When I was making homemade Girl Scout cookies last month, Phillip continually referred to the Savannah Smiles as “Mocha Mauis,” at first as a placeholder for a name he couldn’t remember, and later just because he thought it was funny. Eventually we started talking about what exactly would go into a cookie called a Mocha Maui. Coffee & chocolate were givens, but macadamia nuts and coconut also had to make their way into these cookies to get a Hawaiian vibe going.
A week or so ago, I set out butter in my mixing bowl to come to room temperature, and glanced guiltily at it as I passed by it several times daily. Once or twice, I had to use my mixing bowl and evict the butter from its home to make way for cheesecake filling or pizza dough. I was so busy making award-winning pies, taking care of my sick baby, and running around for Easter, I ran out of time for Mocha Mauis. But last night, Phillip had a sweet tooth, and I had left all of my Easter cheesecake bars with my dad, so I offered to whip up the Mocha Mauis as soon as I put Nolan down to sleep.
In the same way that some people (read: me) are sweet & salty nutcases, Phillip is crazy for sweet & bitter desserts. His love of bitterness may be unrivaled by man or beast. Neither of us are regular coffee drinkers, but when Phillip does order a drink, he goes for an espresso or a macchiato. He revels in coffee-flavored ice cream, molasses cookies, the darkest of dark chocolates, and stout beers.
Armed with this knowledge, I wasn’t shy about amping up the bitterness in this recipe. I dissolved a full tablespoon of espresso powder into melted butter (turns out bringing the butter to room temperature was unnecessary) and dispersed chopped 72% dark chocolate throughout the batter. I used dark brown sugar, whose higher molasses adds depth of flavor and chewiness to the cookies. The toasted sweetened coconut and macadamia nuts help balance things out, but I would still say that coffee is the primary flavor in this cookie.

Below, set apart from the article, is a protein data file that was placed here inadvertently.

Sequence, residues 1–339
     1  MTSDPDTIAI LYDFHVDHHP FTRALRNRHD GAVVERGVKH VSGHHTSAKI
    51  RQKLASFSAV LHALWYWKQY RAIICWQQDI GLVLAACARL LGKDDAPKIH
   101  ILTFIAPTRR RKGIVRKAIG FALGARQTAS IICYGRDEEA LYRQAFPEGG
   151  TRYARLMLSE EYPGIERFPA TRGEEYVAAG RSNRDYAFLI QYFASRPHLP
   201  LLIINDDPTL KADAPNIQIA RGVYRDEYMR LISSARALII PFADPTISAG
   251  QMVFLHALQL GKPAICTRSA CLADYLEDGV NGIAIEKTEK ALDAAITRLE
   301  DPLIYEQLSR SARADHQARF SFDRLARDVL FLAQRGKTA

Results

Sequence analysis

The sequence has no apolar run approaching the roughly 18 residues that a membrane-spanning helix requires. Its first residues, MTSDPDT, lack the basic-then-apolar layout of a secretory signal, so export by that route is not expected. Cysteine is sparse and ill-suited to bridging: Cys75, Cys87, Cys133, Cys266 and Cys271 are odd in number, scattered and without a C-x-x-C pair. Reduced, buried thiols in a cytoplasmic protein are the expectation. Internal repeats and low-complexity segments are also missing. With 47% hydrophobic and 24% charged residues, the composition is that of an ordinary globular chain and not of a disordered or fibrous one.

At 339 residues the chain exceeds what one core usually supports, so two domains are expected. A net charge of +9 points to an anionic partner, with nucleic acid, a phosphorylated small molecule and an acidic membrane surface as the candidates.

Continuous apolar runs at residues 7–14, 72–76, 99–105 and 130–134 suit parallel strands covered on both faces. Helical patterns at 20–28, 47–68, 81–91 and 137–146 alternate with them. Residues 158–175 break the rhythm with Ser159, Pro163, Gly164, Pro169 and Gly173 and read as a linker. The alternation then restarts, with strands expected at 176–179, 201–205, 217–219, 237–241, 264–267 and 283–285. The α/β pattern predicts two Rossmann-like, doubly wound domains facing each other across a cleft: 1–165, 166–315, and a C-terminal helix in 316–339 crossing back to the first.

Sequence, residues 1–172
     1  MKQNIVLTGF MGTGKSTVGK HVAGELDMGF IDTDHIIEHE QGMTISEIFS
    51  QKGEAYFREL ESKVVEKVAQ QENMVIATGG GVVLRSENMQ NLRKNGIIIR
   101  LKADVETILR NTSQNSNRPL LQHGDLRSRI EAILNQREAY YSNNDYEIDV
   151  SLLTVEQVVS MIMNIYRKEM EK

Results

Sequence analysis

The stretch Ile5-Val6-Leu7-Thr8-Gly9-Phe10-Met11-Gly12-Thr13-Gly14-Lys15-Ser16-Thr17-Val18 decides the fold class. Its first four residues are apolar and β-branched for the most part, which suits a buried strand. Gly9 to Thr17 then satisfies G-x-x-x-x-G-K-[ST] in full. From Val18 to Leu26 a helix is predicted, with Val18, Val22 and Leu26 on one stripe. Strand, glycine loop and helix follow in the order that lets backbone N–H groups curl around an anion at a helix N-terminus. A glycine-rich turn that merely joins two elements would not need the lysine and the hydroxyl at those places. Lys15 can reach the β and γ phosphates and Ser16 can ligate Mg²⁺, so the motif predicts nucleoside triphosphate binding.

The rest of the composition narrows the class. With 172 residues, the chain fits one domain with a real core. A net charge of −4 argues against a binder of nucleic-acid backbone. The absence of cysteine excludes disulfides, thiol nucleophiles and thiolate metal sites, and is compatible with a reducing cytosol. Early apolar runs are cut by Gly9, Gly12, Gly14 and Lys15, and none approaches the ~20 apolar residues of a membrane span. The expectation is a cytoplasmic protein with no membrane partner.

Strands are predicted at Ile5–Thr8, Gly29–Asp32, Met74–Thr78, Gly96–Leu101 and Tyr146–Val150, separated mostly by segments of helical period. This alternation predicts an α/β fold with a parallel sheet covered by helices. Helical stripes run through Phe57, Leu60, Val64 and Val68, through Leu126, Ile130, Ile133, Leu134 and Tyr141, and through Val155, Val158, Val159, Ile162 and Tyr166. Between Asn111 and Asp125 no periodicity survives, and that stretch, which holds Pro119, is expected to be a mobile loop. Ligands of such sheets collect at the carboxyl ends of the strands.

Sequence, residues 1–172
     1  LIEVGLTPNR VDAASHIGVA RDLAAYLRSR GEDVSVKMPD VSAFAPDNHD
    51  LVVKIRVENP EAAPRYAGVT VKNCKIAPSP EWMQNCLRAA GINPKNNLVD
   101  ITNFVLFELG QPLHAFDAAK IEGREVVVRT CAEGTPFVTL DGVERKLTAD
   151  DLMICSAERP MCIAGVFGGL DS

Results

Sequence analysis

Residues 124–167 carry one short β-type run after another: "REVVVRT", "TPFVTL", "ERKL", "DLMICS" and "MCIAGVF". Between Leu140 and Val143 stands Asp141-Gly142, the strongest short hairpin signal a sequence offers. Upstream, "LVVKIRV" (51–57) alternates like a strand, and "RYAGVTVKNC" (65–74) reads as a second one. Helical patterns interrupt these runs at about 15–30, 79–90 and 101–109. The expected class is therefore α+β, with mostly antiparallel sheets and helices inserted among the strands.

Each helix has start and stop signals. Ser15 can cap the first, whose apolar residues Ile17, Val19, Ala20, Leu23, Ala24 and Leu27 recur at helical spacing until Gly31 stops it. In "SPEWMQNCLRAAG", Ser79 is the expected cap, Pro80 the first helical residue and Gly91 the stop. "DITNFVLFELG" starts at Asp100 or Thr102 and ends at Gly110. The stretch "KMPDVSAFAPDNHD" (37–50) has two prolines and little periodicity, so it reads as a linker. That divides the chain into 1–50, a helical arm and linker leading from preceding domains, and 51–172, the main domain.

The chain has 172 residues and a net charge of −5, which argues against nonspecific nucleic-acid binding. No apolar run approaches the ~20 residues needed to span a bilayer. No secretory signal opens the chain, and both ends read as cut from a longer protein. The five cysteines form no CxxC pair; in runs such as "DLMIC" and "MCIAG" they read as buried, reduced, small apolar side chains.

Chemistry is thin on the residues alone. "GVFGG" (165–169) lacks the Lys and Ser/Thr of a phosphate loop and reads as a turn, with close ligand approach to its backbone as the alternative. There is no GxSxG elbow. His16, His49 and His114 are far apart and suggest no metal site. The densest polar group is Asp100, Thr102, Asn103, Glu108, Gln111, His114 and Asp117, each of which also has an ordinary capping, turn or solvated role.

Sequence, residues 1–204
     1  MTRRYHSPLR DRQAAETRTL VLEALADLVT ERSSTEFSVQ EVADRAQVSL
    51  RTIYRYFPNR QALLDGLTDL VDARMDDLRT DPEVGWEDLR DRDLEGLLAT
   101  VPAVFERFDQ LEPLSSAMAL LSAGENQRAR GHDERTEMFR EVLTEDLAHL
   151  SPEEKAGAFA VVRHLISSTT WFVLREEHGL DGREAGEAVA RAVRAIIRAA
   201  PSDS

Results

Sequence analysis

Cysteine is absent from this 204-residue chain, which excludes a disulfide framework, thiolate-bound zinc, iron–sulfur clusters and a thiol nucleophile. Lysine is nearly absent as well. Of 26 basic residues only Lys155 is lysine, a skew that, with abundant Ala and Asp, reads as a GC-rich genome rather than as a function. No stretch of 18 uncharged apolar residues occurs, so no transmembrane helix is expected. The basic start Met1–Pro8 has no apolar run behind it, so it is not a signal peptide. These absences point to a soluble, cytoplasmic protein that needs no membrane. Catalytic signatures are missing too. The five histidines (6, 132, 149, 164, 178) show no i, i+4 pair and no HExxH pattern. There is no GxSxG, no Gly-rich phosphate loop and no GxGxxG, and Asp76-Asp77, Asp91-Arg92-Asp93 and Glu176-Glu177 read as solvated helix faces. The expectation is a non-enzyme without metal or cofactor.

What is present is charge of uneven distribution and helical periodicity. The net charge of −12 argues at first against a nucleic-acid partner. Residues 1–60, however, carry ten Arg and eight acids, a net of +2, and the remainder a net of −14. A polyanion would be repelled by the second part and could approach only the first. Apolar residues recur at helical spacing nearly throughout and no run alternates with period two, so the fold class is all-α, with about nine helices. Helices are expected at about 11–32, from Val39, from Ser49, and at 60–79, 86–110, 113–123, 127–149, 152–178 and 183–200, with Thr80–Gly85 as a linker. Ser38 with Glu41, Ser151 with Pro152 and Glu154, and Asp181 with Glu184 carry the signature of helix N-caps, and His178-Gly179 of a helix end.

I thought the batter might be too thin and spread into crispy puddles, but they didn’t, so I didn’t have to throw a late-night hissy fit. If I were making them for myself, I’d probably cut the espresso powder in half, but when I asked Phillip if I should have reduced the coffee, he said that they were perfect as-is. And I wouldn’t be surprised to find him dunking them into a mug of black coffee.
- ¾ cup (120 grams) macadamia nuts, chopped
- ½ cup (40 grams) sweetened shredded coconut
- 16 tablespoons (225 grams) unsalted butter, divided
- 1 tablespoon espresso powder*
- 2 cups (240 grams) flour
- ¾ teaspoons baking soda
- ½ cup (100 grams) granulated sugar
- 1 cup (215 grams) dark brown sugar
- 2 teaspoons vanilla
- ¾ teaspoons sea salt
- 2 large eggs
- 8 ounces dark chocolate, roughly chopped (I used 72%)
- Set your oven rack to the center position and preheat oven to 375°F. Line four baking sheets with parchment paper or silicone baking mats.
- On a small baking sheet, spread macadmia nuts on one side and coconut on the other (it doesn't matter if they touch or get a bit mixed up.) Place the pan in the oven and let the nuts and coconut toast until lightly browned and fragrant, about 4-6 minutes, stirring occasionally. Remove from the oven and let cool while you prepare the cookie dough.
- Whisk together flour and baking soda in a medium mixing bowl and set aside.
- In a medium saucepan, melt 12 tablespoons of the butter over medium-high heat. Whisk in the espresso powder until it has dissolved. Remove the pan from the heat and stir in the remaining butter until it has melted.
- Transfer melted butter to the bowl of a stand mixer fitted with the paddle attachment. Add granulated sugar, brown sugar, vanilla, and salt to the bowl and mix until combined. Add eggs and beat the mixture for 2 minutes on medium-high speed. Let the mixture rest for two minutes, then beat again for about 30 seconds.
- With the mixer on low speed, add the flour mixture until just combined. Remove the bowl from the mixer and stir in the chocolate, macadamia nuts, and coconut with a rubber spatula or wooden spoon.
- Divide dough into 24 portions, about 2½ tablespoons each (I used a #24 disher), with 6 dough portions on each baking sheet. Bake cookies one sheet at a time for 12-14 minutes each, until the edges are set and the tops are still a bit soft. Transfer pans to wire racks and allow the cookies to cool completely on the pans before serving.
- *If you are not as crazy about coffee and bitterness as my husband, cut back the espresso powder to 1½ teaspoons.